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Writing Your Dance Studio Business Plan Part I

Type:

Studio Owner Article

Category:

How to Increase Revenue and Energize Enrollment

 Writing a business plan is necessary for anyone going into business. It is the best way to help you understand your business and what your needs from the business are. It will help you plan, run, and re-act to the day-to-day decisions that you will have to make.

Q. Why do I have to write a business plan?

A. Your business plan is a road map for YOU to tell you how your business will perform for you. Can the business support you? Do you have enough money to operate or grow? (Believe it or not, according to the Government, most small businesses that file for bankruptcy are profitable at the time of the filing. They've just run out of money [cash flow] to allow the business to keep on running). YOU need this plan to help you become successful. Plus, if you must borrow money to establish or grow your business, any lender or investor will require you to have one.

Q. It looks complicated and scary. Is it?

A. Looks can be deceiving. Does it take some work? Yes. Will it take a lot of thought about YOUR business? Yes, that's what it is supposed to do. It's much easier and better to work a plan out now instead of waiting for a crisis to occur, when it may be too late. YOU CAN DO IT, part by part, a piece at a time. When you finish the parts, you'll be surprised at what you've accomplished, how easily it came together, and how much more you will understand the business that is going to be YOUR partner.

Q. Does my business plan have to be neat and clean?

A. Absolutely. This plan is a reflection on you, your idea, and your vision. If you are dealing with the lending community, this is the only way they have to judge your business. If you can't sell your idea to them, then how are you going to sell it to your customers? Always put your best foot forward. Making your business plan look crisp and snappy is a way to look successful and enlist the help of those who can fund your business and its' growth.

The Business Plan Outline: Using this outline, you can prepare your business plan, step-by-step, piece-by-piece. Remember, our goal here is to look at each part as a small step in completing your business plan. Don't let it overwhelm you. If you are having trouble with one part, just move to another. The parts are generally small; so you can make progress by completing each small section, soon you will see it all start to pull together.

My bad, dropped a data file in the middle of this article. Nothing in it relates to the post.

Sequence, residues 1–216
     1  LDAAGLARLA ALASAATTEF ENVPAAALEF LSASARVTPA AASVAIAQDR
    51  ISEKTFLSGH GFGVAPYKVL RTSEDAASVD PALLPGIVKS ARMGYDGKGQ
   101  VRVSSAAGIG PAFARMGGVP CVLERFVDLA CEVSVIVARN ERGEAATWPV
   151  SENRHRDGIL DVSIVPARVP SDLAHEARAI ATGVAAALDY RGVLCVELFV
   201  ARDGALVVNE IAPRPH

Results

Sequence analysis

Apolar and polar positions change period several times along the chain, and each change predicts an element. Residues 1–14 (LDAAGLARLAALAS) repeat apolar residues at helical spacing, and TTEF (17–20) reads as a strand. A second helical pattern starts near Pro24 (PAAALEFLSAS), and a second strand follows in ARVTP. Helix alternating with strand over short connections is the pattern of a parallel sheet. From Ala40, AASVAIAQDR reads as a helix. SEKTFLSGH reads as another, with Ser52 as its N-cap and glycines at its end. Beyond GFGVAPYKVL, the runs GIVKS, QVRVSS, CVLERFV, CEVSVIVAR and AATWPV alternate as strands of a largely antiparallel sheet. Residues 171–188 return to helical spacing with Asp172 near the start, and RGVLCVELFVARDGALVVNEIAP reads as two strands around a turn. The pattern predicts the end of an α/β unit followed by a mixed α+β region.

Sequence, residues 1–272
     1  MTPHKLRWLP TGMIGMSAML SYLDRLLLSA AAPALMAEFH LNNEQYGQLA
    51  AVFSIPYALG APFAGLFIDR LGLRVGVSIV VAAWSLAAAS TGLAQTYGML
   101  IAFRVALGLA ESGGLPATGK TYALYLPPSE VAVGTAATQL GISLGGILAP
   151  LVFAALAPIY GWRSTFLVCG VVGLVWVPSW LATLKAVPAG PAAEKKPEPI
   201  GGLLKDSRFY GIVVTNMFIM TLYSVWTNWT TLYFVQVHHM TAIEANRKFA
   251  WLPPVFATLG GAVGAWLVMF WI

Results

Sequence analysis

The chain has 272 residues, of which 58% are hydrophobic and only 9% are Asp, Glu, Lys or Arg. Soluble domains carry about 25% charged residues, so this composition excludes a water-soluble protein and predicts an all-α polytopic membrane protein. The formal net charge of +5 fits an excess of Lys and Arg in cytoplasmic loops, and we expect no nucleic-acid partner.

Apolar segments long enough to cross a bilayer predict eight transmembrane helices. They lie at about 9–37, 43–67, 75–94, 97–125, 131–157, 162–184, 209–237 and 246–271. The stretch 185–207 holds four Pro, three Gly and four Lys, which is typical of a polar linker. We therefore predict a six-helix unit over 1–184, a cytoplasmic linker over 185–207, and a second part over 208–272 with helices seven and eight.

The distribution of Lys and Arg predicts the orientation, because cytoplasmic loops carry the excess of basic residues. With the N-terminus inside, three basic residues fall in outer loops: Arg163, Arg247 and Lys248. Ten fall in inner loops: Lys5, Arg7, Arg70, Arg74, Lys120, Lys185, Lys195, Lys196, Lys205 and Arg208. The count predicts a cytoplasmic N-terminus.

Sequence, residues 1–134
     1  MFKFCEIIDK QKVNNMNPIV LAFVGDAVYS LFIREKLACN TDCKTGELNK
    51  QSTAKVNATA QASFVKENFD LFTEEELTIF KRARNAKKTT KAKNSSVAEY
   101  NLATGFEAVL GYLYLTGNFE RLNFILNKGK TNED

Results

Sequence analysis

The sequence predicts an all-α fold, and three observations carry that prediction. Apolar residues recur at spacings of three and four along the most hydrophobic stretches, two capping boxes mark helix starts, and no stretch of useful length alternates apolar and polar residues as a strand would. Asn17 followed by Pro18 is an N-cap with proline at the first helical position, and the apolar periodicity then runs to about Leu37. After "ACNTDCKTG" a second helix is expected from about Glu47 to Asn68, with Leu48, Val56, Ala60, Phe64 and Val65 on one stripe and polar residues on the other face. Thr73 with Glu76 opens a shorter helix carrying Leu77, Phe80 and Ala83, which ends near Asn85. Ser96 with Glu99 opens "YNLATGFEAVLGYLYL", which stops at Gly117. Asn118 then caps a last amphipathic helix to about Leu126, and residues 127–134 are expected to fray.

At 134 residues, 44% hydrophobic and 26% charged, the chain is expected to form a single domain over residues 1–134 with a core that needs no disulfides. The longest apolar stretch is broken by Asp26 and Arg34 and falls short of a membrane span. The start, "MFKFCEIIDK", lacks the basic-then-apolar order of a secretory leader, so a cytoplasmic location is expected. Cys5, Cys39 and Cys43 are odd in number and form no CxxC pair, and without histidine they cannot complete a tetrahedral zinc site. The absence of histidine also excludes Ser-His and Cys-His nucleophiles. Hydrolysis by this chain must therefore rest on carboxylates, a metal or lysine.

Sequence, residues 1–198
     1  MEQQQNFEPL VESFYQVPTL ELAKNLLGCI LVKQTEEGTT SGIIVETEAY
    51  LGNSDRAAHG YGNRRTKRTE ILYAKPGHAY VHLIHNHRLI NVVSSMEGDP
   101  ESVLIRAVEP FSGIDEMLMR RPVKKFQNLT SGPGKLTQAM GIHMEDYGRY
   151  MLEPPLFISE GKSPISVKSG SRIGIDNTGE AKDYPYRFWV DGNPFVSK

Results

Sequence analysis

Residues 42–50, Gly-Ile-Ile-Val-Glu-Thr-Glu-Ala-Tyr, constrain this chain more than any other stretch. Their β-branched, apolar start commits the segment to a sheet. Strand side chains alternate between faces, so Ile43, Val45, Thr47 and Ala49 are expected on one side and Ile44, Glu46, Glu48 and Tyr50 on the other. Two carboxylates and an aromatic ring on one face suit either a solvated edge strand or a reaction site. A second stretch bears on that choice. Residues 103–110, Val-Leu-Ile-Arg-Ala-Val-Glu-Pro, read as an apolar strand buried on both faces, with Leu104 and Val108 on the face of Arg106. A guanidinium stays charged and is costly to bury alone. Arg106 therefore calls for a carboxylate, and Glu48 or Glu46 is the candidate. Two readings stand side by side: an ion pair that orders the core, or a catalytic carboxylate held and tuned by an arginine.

Statement of Purpose Executive Summary Table of Contents The Business: Description of the Business Location and hours of the Business Products and Services Marketing Analysis/Competition Marketing Plan Management Personnel

Financial data: Sources and Uses of Funds Pro-Forma Income Projections (profit and loss statement) Pro-Forma Cash Flow Projections Break-even Analysis Financial Assumptions Supporting Documents - Resumes, tax returns, personal financial statements, letters of intent or reference, copies of leases, contracts, or other legal documents, and anything else that is relevant to the plan.

These are the parts of the business plan. Each piece is different. You'll find that it's like painting a portrait. As each piece is finished, you'll see a clearer picture of your business.

Writing It Up: The following are explanations of some of the different sections of the Business Plan. These are guidelines that can help you. If you get stuck on one area, then stop and move to another area and come back later. Once you start, you'll see your business start to take shape on paper.

 Executive Summary: This is your most important section of the business plan. It should be written last because you'll be pulling the best of information from the other sections to create highlights of your plan. This is the only section where you'll be able to share your vision of the business, tell why you're the person or team to implement the plan, and why you will be successful. If your executive summary doesn't capture the attention of your reader, he or she may never read the nuts and bolts of the rest of your plan. Try not to go over two pages unless you have some extraordinary information that needs to be shown.

Description of the Business: This section describes your business and the industry you're in. It should include: